GCTAGC
CAGCAAGCAAGCAGTTTTGGT-3' (NheI) and 5'-CC
    AAGCTT
GGATGTGGCCGGTCTTGGT-3' (HindIII), and cloned into pGL3 Basic vector (Promega) using NheI and HindIII restriction enzymes. QuikChange II XL Site-Directed Mutagenesis Kit (Agilent Technologies) was used to create the 5 variations of interest individually. All vectors were sequenced to verify the location of the variation.

Transfection and Luciferase Assay

Primary keratinocytes were provided by Dr. Dennis Oh and Dr. Susana Ortiz-Urda (University of California San Francisco, San Francisco, CA). The cells were grown in 500 ml Medium 154CF and Human Keratinocyte Growth Supplement (Invitrogen; Carlsbad, CA USA), and 35 μM of CaCl2. A total of 105 cells were seeded in each well of a 6-well plate and were transfected after 24 hours with 500 ng of each reporter construct along with 10 ng of pRL-TK vector (Promega) containing the Renilla luciferase gene as an indicator for normalization of transfection efficiency. Transfections were performed using Lipofectamine™ LTX with PLUS™ Reagent (Invitrogen), according to the manufacturer's instructions. After 24 hours, the cells were stimulated with 250 ng phorbol-12-myristate-13-acetate (PMA) for the PMA positive set of experiments. Cells were incubated for an additional 24 hours and then analyzed for luciferase activity with the Dual-Luciferase® Reporter Assay System (Promega) and Synergy 2 (BioTek; Winooski, VT USA). Firefly luminescence was normalized to Renilla luminescence and reported as relative luciferase units compared to wild-type sequence. All experiments were performed independently three times using primary keratinocytes from a single donor.

Results

Identification of ZNF750 Variants in Cases and Controls

To determine whether ZNF750 is associated with psoriasis, we sequenced ZNF750 in 716 Caucasian psoriasis cases and 397 Caucasian controls. We sequenced the ZNF750 promoter region (defined as 400 bp upstream of the transcription start site), 5' UTR, coding regions which include exons 2 and 3, and 3' UTR. In total, we identified 9 common variants (minor allele frequency (MAF) ≥ 2% in the controls, Table 1) and 38 rare variants (MAF < 2%, Table 2). One polymorphism, a novel 8 bp deletion at position 78381172 (hg18) in the 3' UTR, was out of Hardy-Weinberg equilibrium and was not included. All identified polymorphisms were successfully genotyped in greater than 94% of samples and the mean genotyping rate per variant was 97.3%. Nearly all variants were single nucleotide variants (SNVs) with the exception of two single base deletions, one located in the 3' UTR (rs71918228) and the other in the 3' downstream region (rs35156590). All of the identified common variants were present in dbSNP Build 133 whereas 35 of 38 (92%) of the rare variants were novel.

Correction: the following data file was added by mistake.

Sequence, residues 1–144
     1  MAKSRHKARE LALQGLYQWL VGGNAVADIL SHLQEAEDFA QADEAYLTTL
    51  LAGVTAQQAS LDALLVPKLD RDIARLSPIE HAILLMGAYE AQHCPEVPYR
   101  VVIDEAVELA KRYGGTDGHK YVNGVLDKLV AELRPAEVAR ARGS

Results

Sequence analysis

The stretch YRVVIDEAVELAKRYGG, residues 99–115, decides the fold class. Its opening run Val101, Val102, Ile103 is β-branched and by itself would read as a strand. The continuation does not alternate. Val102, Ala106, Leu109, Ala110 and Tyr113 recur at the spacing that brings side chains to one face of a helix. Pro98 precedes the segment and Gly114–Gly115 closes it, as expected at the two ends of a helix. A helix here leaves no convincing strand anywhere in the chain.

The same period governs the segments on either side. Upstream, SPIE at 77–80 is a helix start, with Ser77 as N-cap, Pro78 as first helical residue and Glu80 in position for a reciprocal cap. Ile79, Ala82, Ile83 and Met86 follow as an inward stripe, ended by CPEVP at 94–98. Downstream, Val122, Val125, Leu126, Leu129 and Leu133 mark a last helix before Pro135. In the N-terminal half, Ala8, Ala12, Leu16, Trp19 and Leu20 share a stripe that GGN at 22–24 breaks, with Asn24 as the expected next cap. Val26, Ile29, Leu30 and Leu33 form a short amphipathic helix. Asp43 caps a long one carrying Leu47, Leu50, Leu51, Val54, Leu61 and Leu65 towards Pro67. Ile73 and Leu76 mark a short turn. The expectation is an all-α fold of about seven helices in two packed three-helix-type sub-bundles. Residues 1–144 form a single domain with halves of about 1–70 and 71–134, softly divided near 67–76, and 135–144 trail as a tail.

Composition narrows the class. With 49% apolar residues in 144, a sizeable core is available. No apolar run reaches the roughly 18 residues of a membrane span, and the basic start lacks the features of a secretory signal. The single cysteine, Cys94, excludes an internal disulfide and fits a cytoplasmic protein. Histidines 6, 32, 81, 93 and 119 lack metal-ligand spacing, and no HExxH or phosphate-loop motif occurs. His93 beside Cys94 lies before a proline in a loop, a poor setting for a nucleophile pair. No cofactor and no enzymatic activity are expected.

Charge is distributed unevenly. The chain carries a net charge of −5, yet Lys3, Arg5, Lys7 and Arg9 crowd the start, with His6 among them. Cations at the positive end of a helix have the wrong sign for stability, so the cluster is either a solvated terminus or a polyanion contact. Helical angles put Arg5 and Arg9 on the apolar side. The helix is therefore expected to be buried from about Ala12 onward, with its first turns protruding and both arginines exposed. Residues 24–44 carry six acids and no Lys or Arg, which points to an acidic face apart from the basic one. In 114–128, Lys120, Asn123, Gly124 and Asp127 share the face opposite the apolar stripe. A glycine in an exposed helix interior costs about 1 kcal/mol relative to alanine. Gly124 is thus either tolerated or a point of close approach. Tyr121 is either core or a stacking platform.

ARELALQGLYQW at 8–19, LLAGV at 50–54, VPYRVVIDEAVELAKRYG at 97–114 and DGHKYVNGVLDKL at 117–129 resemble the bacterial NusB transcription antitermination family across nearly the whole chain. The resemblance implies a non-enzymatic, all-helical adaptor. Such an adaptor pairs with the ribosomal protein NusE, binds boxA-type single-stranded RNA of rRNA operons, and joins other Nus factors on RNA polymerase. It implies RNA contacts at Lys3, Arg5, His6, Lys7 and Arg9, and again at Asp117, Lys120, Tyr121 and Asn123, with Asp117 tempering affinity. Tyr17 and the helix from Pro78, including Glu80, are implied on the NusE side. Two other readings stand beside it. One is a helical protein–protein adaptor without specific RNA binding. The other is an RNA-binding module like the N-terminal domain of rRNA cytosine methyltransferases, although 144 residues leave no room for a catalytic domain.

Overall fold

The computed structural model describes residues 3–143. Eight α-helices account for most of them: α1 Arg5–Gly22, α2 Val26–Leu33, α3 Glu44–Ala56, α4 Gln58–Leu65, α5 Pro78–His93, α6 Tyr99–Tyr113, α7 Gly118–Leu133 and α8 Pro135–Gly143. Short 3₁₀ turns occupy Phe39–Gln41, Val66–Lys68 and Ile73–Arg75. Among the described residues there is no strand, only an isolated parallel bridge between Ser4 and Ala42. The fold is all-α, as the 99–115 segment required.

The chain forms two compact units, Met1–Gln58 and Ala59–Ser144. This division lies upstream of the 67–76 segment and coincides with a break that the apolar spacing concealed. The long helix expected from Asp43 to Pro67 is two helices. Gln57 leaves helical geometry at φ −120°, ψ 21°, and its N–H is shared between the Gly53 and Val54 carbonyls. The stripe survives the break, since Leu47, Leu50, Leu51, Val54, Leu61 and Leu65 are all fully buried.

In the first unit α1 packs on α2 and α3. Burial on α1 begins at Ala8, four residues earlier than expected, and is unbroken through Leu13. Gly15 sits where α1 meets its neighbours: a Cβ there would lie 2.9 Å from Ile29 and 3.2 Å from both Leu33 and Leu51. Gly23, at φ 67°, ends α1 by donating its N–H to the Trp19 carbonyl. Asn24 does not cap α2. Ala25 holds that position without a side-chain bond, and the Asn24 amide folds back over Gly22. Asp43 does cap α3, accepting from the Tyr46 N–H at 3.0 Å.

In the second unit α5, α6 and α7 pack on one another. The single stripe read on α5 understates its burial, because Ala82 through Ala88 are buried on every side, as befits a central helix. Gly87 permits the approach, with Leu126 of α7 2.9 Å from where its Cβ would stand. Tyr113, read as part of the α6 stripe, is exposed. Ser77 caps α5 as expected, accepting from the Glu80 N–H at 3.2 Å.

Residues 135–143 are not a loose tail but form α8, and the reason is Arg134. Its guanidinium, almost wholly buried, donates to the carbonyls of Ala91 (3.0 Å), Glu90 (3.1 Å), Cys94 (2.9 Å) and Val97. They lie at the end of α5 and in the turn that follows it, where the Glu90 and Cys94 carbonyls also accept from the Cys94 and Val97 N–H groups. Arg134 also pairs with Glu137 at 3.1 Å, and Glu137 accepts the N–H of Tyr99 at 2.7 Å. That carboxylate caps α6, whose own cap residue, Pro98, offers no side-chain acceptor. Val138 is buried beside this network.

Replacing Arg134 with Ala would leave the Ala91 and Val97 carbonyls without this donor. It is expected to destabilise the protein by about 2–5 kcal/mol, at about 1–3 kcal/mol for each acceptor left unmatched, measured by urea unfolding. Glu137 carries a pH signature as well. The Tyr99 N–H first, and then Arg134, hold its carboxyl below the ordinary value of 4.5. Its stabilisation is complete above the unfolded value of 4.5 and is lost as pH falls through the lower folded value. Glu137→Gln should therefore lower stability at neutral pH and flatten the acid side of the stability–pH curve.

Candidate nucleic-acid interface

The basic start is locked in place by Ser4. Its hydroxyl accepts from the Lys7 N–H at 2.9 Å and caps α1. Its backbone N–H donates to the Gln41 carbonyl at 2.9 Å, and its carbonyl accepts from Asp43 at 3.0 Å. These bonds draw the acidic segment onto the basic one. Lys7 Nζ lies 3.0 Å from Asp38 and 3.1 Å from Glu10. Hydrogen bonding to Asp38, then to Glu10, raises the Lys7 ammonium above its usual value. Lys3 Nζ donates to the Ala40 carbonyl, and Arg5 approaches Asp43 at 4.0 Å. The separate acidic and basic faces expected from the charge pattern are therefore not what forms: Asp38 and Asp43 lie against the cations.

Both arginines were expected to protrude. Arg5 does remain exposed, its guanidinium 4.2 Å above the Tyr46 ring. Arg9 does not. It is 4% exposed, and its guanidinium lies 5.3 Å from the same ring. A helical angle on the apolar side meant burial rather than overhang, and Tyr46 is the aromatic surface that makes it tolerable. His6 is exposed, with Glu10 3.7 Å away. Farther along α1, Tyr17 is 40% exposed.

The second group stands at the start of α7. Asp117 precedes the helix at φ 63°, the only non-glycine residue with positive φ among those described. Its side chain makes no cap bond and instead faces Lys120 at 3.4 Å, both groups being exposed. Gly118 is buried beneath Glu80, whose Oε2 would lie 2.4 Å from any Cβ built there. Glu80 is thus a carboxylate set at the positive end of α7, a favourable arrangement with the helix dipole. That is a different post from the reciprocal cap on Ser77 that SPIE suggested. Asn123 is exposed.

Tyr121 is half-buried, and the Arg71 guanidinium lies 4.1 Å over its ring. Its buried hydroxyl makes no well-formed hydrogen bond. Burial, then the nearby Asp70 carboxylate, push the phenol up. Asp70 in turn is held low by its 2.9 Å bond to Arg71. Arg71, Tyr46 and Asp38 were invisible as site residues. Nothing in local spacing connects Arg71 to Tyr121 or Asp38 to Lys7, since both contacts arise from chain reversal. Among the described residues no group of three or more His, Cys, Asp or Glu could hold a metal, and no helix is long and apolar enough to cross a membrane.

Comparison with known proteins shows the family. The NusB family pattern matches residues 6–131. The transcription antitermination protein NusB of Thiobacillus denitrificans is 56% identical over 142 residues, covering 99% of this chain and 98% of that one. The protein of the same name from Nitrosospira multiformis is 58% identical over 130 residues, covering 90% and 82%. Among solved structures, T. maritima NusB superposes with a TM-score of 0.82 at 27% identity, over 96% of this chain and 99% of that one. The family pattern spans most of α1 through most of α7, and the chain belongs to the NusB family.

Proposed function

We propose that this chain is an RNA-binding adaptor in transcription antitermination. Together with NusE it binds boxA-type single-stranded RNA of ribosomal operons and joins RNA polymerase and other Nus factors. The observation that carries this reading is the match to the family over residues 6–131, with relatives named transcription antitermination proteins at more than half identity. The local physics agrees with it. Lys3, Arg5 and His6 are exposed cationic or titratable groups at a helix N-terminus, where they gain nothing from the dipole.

Table 1. Common variants identified in ZNF750

Table 2. Rare variants identified in ZNF750

Association Testing of Identified Variants

To analyze the significance of the identified ZNF750 variations/mutations in psoriasis patients, we first tested each variant alone using a Fisher's exact test. For the common variants (Table 1), only rs35156590 in the immediate 3' downstream region showed a significant association with psoriasis (p = 0.028, OR 0.81 [95% CI 0.68-0.98]). However, adjustment for multiple hypothesis testing using empirical permutation testing of this SNP yielded p = 0.17. When tested individually, none of the rare variants (Table 2) achieved a significance association with psoriasis (all p > 0.05).

Next, we evaluated whether common variant haplotypes of ZNF750 were associated with psoriasis. Two 8-marker haplotypes were significantly associated with psoriasis (Table 3), the risk haplotype CCACCCG(-) (frequency = 0.019, p = 0.0011, OR 3.70 [1.45-9.46]) which includes the risk allele of rs35156590, and the protective haplotype CCACCCGT (frequency = 0.374, p = 0.0106, 0.79 [0.66-0.94]) which contains the non-risk allele of rs35156590. Both of these haplotypes remained significant after correction for multiple comparisons using empirical permutation testing (p = 0.0024 and p = 0.0311, respectively) as well as by calculation of the false discovery rate (q = 0.0077 and q = 0.037, respectively).

Table 3. Haplotype association testing between cases and controls

Due to the well-recognized difficulty in assessing the significance of rare variants on a variant-by-variant basis due to power limitations [14], we utilized a weighted sum statistic [13] to evaluate functional groups of rare variants for psoriasis association. We tested the following rare variant groups: 5' regulatory variants (promoter and 5' UTR), all coding variants, non-synonymous variants, predicted deleterious non-synonymous variants, 3' UTR variants, and all rare variants. We found that only the 5' regulatory variants trended towards a significant association with psoriasis (10 variants in cases, 1 variant in controls, unadjusted p = 0.041, Bonferroni threshold p = 0.008, Table 4). The putative association of the rare 5' regulatory variants with psoriasis was not secondary to their occurrence on a risk haplotype background. Of the 10 patients with rare 5' regulatory variants, only 1 patient was heterozygous for the risk haplotype CCACCCG(-), while 7 patients were actually heterozygous for the protective haplotype CCACCCGT.